President Joe Biden’s mandate that all healthcare workers take the COVID-19 vaccine should “level the playing field,” a Comanche County Memorial Hospital executive said.

Dr. Scott Michener, the hospital’s chief medical director, said 72% of the staff has been vaccinated but it’s critical the remaining employees receive the vaccine so they and the patients can remain protected from the Delta variant, which is easily transmissible to adults and children.

“We’ve had multiple conversations about requirements for the vaccinations. If we had made it mandatory, they (staff members) could (have) gone across town (to work),” Michener said. “This levels the playing field. It’s going to be a positive thing.”

No federal timeline has been issued for healthcare workers to be vaccinated, Michener said last week. Hospital spokeswoman Nicole Jolly confirmed Monday the hospital has not received any further guidance on when workers will need to be vaccinated. Biden’s mandate requires healthcare workers in any Medicare or Medicaid facility to be vaccinated.

Michener said he’s unsure if CCMH will lose any employees because of the vaccine mandate.

“We could lose some CNAs because they could find a comparable wage elsewhere,” he said. “But as far as nurses and doctors, I don’t think we’ll lose any. For RNs, it would be difficult to find a matching salary.”

Prior to Biden’s mandate, Michener said hospital officials had examined weekly COVID testing as an alternative to vaccination, but that would require about 500 tests a week with 28% of CCMH employees being unvaccinated.

“We were still back-ordered on testing supplies, so we weren’t able to do that,” he said. “I think most people in healthcare favor the (mandated) vaccinations. We are very much in favor of it. Vaccinations are the only way to get past this pandemic.”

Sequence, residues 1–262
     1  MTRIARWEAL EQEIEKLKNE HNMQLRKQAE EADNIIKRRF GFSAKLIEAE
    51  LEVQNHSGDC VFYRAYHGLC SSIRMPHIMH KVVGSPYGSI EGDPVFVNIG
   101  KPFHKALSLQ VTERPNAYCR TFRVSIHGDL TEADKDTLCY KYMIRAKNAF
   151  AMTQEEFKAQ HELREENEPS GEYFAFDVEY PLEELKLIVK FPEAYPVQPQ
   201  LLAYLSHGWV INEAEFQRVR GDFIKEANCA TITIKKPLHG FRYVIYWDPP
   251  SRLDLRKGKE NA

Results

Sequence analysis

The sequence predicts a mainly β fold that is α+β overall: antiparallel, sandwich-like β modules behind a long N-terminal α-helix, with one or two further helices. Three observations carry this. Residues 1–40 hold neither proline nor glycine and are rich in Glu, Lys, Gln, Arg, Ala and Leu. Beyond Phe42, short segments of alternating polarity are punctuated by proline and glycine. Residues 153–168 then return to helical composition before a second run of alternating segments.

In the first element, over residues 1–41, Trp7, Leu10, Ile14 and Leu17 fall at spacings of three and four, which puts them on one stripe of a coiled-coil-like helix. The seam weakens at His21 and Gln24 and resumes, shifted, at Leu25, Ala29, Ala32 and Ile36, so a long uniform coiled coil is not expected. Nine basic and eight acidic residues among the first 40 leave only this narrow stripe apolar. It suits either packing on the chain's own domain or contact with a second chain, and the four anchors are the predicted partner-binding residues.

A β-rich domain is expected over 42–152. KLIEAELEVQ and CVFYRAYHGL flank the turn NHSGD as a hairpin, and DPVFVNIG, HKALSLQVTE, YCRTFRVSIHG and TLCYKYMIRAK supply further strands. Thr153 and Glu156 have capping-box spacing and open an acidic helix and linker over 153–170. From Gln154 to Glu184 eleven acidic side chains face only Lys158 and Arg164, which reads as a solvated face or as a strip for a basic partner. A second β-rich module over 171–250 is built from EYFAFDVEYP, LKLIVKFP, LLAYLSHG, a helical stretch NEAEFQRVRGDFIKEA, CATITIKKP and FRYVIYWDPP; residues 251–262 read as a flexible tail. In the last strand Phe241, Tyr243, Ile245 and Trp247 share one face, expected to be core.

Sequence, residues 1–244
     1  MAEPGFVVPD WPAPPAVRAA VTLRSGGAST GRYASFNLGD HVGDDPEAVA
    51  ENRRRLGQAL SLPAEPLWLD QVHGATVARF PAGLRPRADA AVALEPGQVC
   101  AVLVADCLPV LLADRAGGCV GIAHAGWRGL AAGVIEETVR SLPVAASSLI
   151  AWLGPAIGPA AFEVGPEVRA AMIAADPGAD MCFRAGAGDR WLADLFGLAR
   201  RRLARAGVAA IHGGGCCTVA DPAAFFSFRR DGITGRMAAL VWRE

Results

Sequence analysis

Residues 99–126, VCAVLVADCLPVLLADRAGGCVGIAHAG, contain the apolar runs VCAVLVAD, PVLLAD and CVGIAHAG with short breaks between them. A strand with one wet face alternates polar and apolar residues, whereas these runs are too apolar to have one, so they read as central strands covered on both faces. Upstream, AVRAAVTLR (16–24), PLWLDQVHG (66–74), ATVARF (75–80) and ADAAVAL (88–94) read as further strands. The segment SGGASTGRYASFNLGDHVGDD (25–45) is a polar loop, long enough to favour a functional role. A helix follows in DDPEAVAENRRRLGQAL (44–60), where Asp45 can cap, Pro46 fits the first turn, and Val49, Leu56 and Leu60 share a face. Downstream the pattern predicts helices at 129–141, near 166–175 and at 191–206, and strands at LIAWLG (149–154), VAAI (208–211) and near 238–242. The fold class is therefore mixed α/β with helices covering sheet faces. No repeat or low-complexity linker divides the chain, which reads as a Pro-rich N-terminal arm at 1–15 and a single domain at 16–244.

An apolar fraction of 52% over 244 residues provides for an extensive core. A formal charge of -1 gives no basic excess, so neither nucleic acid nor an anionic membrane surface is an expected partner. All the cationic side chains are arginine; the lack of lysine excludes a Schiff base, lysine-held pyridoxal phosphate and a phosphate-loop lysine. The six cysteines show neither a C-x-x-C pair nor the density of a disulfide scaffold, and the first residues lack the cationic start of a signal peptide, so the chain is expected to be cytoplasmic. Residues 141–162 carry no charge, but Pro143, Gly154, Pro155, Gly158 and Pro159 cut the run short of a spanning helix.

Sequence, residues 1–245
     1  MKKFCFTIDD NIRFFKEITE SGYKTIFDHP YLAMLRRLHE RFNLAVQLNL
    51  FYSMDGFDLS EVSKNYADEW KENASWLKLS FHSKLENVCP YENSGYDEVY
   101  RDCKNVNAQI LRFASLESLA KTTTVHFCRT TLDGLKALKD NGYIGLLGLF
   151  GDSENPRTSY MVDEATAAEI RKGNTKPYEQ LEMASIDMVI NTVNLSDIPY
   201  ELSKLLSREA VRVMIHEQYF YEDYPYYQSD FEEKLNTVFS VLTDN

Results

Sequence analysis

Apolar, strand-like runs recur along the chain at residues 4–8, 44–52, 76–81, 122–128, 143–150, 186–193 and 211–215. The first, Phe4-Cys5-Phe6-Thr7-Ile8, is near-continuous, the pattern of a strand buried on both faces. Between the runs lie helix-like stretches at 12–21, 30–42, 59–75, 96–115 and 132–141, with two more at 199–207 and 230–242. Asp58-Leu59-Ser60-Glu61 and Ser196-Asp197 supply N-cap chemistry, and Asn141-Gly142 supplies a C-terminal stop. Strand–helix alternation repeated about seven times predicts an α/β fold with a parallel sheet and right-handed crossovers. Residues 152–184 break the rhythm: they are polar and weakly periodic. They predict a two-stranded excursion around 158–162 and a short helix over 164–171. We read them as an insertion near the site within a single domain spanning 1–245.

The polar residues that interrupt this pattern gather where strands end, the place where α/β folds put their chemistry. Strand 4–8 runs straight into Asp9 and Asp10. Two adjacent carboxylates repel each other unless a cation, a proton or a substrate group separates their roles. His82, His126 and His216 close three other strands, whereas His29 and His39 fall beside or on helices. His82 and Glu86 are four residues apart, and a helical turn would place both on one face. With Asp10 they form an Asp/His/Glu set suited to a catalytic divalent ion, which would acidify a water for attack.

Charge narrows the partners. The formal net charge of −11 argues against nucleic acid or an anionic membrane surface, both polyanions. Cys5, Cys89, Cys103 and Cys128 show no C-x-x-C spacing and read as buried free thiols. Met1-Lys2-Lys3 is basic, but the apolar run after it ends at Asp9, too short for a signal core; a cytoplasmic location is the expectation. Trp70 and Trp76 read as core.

Healthcare workers in hospitals and long-term care facilities are required annually to receive a variety of vaccines, including the flu shot.

“I don’t know why this would be any different,” Michener said. “We lost a 31-year-old man with six kids and we’re withdrawing care from five other patients. This is real and vaccinations are the answer. We have 22 (patients) on ventilators right now.”

As of Sept. 13, all CCMH beds were full, including the intensive care unit. The hospital reported having 53 COVID patients, 43 of which were unvaccinated. In ICU, the hospital had 17 COVID patients, 15 of which were unvaccinated.

The Delta variant, with its aggressive nature, has easily infected children and young adults in higher numbers compared to the original COVID-19 virus that struck last year and hit largely the elderly population.

“It was hard on them (nurses) before, but it was different. People were in their seventh decade of life. Now, they’re kids, or in their 30s and 40s with kids. You feel pretty darn confident that they would still be alive with a vaccine. We’re just one place and this is going on everywhere else,” Michener said.

Michener agreed with Biden’s assessment that COVID-19 is a “pandemic of the unvaccinated.” The president also said his patience was “wearing thin.” Michener said his approach as chief medical director has been guided by education toward Lawton and southwest Oklahoma residents.